Do Coyotes Dig For Grubs, Moles, Mice, or Other Things To Eat?

Coyotes are opportunistic hunters. Being an opportunistic hunter means that the coyote might dig in the ground for worms and grubs, if necessary.

Will A Coyote Dig Up Your Lawn or Flower Beds?

Coyotes do not typically dig up flower beds unless they are interested in what you have planted inside of the flower bed. In some cases, the opportunistic coyote might become interested in the smell of certain vegetables and become enticed to try the various plants in your homemade garden.

A coyote may also dig up your garden because of insects, small mammals, and rodents that live in your garden. 

Did A Coyote Dig That Hole? What To Look For

Coyote holes are large, typically a foot wide. Pay attention to the exterior if you suspect a coyote dug the hole. Several visual indicators may signal that a coyote has dug the hole.

Visual indicators that a coyote dug the hole include:

  • The presence of medium-sized canine footprints
  • Dirt is flung in several directions and piles (like a dog)
  • Feces resembling a domestic dog nearby the hole
  • Skeletal remains of small animals, rodents, birds, etc.
  • Large claw marks

Coyotes are visually similar to the domestic dog. If you notice feces, hair, or footprints that look similar to a canine, that could indicate you are in the territory of a coyote. The coyote has a similar digging technique as the domestic dog.

They are slightly sloppy and dig with their dirt in piles. If you notice dirt clumped in messy piles, this is an indication of a canine hole.

You may also choose to listen to your surroundings. If you hear howling at night near the hole, that is a common sign that a coyote owns that burrow.

Other Animals That Might Dig Up Your Lawn

Many animals might be digging up your lawn without you knowing. In fact, the presence of these animals in your lawn might attract coyotes. No matter what you try, unless you rid yourself of these small pests, coyotes will continue returning for this food source even after it begins to rot.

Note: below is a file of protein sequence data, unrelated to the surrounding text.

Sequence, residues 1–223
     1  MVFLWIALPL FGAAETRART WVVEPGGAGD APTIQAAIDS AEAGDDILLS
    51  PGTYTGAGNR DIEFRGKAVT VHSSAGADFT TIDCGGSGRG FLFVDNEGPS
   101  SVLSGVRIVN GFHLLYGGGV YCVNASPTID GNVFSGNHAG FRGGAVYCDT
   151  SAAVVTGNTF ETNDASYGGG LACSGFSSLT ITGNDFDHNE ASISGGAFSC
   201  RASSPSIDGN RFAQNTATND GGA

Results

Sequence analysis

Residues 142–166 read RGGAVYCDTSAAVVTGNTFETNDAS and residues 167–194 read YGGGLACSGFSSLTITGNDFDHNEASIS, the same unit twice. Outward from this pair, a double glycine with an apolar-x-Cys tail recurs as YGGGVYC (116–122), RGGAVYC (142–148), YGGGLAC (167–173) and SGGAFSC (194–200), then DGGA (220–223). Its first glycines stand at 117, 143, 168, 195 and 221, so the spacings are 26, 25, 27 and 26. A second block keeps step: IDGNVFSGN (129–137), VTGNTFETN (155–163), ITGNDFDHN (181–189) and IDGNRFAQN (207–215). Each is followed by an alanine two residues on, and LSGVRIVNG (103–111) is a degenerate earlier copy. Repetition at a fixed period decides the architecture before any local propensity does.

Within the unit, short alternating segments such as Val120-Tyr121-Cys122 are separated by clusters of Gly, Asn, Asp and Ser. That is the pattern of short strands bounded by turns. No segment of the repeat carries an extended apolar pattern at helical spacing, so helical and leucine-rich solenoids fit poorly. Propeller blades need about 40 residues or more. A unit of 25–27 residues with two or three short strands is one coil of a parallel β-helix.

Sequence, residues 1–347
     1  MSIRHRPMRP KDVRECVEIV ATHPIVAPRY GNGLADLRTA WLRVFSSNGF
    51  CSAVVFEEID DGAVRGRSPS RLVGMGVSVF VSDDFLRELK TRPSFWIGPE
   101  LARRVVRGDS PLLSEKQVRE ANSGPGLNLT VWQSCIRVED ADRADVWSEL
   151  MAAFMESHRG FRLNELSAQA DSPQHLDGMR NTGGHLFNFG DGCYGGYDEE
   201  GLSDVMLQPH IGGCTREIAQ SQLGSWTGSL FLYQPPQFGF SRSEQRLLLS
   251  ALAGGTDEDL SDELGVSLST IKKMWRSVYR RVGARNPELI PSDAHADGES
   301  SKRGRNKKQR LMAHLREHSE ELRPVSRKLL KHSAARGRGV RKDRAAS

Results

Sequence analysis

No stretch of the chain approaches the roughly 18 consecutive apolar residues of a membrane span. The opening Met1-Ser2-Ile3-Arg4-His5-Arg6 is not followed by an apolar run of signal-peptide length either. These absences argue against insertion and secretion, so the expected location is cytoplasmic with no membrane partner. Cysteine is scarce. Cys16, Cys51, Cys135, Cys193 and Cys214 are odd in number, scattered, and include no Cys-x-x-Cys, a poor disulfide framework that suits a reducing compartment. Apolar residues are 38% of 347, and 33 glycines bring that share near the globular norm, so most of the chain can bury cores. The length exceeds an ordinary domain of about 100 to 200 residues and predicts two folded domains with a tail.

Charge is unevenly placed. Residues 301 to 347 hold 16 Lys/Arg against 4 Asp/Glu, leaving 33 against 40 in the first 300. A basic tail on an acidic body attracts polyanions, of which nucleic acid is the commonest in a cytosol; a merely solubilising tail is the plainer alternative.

Common animals that dig up backyards include:

  • Domestic dogs 
  • Badgers
  • Skunks
  • Rats or mice
  • Groundhogs 
  • Opossum
  • Moles
  • Raccoons
  • Gophers

If dirt is pushed from underground toward the surface, that indicates that a small animal is burrowing underground. Unlike coyotes, pushing dirt from under the ground is an indication that the animal lives underground.

Removing smaller animals from your yard can prevent coyotes from entering your yard. Most of these animals attract coyotes and may lead to a coyote infestation if you are not careful.

Can Coyotes Dig Under Fences? Or Get Into Chicken Coops?

Coyotes are known for sneaking into chicken coops to eat chickens and eggs. They have an easy time digging underneath fences as well as jumping over fences. To ensure that coyotes will not get into your chicken coop, you must make your chicken coop and your fence coyote safe.

How To Make A Barrier Coyote Proof

To make a barrier coyote proof, you must extend your fence at least five-and-a-half feet underground. An underground fence prevents the coyote from digging under your fence. In most cases, coyotes will give up when their attempts are obstructed.

Good barriers to place underground are barbed wire, chicken wire, and galvanized wire. When a coyote feels this, they will no longer dig in that area. Farmers may also recommend surrounding fences with tripwires, if possible.